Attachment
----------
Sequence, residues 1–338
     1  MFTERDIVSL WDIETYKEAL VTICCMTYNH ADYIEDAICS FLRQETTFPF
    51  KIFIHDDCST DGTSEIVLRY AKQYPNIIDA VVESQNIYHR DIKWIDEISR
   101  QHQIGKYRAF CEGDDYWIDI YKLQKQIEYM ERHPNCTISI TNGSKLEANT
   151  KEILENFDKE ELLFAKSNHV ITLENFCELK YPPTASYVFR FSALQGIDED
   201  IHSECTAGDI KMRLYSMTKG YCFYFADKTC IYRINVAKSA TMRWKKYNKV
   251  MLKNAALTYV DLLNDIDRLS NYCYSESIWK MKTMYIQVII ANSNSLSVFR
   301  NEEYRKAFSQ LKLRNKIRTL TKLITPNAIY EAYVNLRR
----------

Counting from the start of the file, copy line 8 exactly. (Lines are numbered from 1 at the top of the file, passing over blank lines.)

   301  NEEYRKAFSQ LKLRNKIRTL TKLITPNAIY EAYVNLRR